-- Leadership in enterprise wide initiatives (like major upgrades).
-- Enterprise hardware and software (license) acquisition.
-- Contracting and sub-contracting.
-- Hardware and software asset acquisition and disposition.
-- Selected security administration and business resumption planning.
-- Overall security policy.
IT should organize accordingly:
-- IT should evolve to a proactive decision-making and problem-solving body: The technology decision-making organization should be comprised not only of technology professionals but business representatives as well.
-- The central IT organization should establish a Program Office (PO) that will manage all outsourced activities, all account executive activities, and those "negotiations" activities that characterize so many of the interactions with the businesses. This PO should be staffed by central/enterprise IT and representatives from the lines of business.
-- The office of the CIO of the enterprise should create deputy CIO positions to be filled by technology representatives from the lines of business.
-- Enterprise IT should organize according to the targeted enterprise activities, according to the percentage of support that is outsourced, and according to what the businesses need and will find useful. The organization should be defined via a partnership with the lines of business (who - as "clients" - have a clear vested interest in the way enterprise IT is organized). The central IT organization has a clear vested interest in defining an organization the businesses will find useful. This is not a call for reengineering, which when done in-house nearly always fails; rather, the suggestion is to identify - with the help of the divisions - a slate of activities and capabilities the businesses would find valuable and then back-fill the organization into these requirements.
-- The central IT organization should establish Centers of Excellence on a temporary basis. For example, when there is a cross-divisional need like in the areas of Year 2000 compliance or eBusiness, Centers of Excellence, staffed by enterprise and lines of business professionals.
-- IT should take the lead in massing the talent and technology to develop solutions to problems that all the businesses face. Once the problems have been solved, the technology should be exported to the businesses, making room for the next Center (or "tiger team"). These Centers collectively represent the "special services" the central IT organization provides to the lines of business.
-- Central IT should organize a small set of (excellent) "consultants" that will support the businesses in the enterprise areas. These consultants should not be charged on a fee-for-service basis. Instead, they should be (a) charged to tax or (b) embedded in the rates. However, over time - and once value has been demonstrated - then a "declining subsidy" funding model can be implemented. Such a model provides non-fee-for-service support initially but converts the support to fee-for-service over time.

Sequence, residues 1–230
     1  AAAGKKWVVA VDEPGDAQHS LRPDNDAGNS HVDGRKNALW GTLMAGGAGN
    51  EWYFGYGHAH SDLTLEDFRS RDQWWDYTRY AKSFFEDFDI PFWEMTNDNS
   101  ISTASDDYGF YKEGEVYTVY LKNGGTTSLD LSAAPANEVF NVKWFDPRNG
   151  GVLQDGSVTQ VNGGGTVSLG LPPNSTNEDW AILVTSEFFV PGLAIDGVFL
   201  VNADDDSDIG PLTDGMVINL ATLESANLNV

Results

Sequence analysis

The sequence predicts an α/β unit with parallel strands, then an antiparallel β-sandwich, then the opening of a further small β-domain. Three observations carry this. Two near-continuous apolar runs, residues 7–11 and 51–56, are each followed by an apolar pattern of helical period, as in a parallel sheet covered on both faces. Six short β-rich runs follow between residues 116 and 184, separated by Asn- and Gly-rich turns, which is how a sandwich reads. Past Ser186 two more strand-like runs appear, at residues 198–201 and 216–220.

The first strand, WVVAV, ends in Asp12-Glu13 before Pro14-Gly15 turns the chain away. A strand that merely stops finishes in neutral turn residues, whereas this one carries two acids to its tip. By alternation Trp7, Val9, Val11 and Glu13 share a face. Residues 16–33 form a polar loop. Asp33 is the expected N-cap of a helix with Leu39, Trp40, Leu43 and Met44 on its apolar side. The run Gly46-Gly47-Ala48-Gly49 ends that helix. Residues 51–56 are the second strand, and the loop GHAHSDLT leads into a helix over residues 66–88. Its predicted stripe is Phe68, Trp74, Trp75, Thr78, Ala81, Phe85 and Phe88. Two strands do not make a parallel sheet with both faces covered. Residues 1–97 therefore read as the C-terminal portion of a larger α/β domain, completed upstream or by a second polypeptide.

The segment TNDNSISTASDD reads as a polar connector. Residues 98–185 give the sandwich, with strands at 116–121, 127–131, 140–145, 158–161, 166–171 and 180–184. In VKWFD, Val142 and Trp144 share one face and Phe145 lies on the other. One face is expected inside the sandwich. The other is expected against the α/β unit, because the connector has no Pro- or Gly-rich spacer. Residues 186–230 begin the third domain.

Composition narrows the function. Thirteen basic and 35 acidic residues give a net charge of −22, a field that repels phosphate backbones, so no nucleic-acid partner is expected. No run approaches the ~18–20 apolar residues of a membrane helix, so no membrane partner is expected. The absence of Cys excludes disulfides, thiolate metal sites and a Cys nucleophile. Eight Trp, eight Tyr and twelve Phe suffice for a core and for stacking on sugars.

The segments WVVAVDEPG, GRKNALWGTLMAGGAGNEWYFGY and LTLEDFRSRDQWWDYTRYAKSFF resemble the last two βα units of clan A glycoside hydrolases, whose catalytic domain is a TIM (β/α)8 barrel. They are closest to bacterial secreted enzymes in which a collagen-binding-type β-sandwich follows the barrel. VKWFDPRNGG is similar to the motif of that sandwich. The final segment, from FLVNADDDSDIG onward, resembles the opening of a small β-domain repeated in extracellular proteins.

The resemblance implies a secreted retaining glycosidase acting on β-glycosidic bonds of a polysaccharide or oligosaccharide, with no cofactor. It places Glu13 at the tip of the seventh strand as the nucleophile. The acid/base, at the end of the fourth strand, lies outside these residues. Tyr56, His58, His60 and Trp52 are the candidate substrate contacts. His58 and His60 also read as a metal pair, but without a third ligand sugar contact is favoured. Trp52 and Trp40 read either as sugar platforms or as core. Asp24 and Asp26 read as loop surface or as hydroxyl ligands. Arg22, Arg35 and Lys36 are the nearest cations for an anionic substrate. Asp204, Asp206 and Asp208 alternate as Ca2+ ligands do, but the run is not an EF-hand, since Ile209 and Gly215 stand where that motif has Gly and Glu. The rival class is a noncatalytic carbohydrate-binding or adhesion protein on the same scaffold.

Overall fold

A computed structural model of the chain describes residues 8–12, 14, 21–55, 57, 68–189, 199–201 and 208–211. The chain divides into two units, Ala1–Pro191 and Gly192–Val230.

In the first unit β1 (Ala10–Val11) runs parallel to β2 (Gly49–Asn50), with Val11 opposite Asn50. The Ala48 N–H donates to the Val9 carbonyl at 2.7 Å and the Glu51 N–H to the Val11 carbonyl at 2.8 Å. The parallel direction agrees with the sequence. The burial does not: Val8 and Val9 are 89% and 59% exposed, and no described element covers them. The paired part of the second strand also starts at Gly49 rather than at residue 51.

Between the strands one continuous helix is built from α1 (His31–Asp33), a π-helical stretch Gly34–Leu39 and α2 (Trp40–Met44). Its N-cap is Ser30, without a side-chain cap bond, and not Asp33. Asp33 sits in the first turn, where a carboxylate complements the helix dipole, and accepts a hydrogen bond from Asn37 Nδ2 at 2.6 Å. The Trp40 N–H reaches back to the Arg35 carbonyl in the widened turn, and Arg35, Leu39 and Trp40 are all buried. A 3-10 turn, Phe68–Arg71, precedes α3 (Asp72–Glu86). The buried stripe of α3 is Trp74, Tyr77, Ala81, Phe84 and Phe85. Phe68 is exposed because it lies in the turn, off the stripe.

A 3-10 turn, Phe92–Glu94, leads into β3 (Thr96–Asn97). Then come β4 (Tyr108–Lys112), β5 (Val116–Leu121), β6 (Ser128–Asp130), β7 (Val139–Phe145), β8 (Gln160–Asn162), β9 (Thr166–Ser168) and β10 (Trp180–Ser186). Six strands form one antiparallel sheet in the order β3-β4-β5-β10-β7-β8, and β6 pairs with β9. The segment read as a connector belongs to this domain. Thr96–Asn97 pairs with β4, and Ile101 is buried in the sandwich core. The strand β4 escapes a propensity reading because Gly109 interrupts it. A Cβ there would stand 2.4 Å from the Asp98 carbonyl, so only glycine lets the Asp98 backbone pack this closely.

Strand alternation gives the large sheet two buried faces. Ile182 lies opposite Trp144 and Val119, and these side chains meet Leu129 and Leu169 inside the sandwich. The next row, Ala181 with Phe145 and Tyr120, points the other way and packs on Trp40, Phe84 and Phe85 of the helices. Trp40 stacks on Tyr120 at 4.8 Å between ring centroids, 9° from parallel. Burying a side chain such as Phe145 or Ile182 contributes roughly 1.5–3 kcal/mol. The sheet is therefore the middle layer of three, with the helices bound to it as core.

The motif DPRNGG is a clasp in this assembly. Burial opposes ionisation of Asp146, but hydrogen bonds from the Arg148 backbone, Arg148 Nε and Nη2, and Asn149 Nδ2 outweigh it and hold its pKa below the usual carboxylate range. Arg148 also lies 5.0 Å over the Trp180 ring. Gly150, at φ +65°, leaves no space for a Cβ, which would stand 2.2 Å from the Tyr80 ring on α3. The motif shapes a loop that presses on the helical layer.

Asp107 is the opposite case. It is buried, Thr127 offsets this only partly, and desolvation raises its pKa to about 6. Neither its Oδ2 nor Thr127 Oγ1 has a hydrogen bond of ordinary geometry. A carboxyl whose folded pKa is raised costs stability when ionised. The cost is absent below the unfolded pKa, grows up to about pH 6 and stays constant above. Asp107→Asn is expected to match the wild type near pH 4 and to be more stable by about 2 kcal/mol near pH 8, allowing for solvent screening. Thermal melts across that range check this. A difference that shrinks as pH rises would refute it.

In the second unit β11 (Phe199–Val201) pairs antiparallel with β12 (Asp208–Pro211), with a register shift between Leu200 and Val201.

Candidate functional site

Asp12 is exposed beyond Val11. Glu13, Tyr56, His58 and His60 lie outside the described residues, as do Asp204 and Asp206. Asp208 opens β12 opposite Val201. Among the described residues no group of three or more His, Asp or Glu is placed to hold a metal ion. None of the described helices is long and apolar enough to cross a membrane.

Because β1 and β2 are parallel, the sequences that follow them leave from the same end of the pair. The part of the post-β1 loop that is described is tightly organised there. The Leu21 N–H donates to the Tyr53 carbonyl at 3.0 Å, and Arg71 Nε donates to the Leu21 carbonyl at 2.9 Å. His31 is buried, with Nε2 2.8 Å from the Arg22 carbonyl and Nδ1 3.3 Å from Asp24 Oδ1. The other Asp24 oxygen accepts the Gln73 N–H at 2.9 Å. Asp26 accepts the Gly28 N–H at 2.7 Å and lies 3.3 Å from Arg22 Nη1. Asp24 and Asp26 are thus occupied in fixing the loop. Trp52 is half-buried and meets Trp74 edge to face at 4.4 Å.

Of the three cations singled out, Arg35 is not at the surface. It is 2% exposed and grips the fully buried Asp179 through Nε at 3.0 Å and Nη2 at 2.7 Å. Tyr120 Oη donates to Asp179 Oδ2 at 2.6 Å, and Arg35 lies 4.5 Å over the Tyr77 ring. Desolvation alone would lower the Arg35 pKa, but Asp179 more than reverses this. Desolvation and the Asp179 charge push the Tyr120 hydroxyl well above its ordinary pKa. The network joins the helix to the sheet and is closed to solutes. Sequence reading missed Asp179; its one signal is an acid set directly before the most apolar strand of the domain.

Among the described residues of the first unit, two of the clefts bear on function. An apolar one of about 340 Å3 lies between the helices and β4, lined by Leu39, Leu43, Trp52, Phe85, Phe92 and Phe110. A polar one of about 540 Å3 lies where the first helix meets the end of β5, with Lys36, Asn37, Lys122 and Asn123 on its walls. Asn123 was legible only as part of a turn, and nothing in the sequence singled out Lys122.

The central IT organization should adopt a new attitude about its relationship with the businesses:
-- It should partner with the businesses, actively seeking their involvement in key decisions about infrastructure and other enterprise activities. Failure to get buy-in results in unnecessary and unproductive conflict.
-- The central IT organization should adopt the "consulting mindset" which would see the divisions as clients, not as adversaries.
-- The central IT organization should work with the businesses to develop charge-back and investment procedures for paying for IT services. This source of enormous conflict can be reduced or eliminated.
The central IT organization should rethink charging/funding mechanisms:
-- It should identify (with the businesses) those services that should fall into the traditional charge back model, those services that should be fee-for-service, those services that should be non-fee-for-service, and those services that should be funded centrally (via some model that puts skin in the game from all sources). Ambiguity here must be eliminated.
-- There are special occasions when the enterprise will subsidize business costs, such as for major technology refreshes and events like the Year 2000 conversion effort. But this funding will come with "strings": The enterprise will require the divisions to comply with certain conditions of acceptance, such as hardware/software asset acquisition practices, adherence to standards, and enterprise systems management.
In Part 3 on Tuesday, we'll cover services, alternative funding mechanisms, organizational structure and people.
Steve Andriole is the Thomas G. Labrecque Professor of Business at Villanova University where he conducts applied research in business and technology alignment. He is also the founder & CTO of TechVestCo, a new-economy consortium that focuses on optimizing investments in information technology. He can be reached at firstname.lastname@example.org.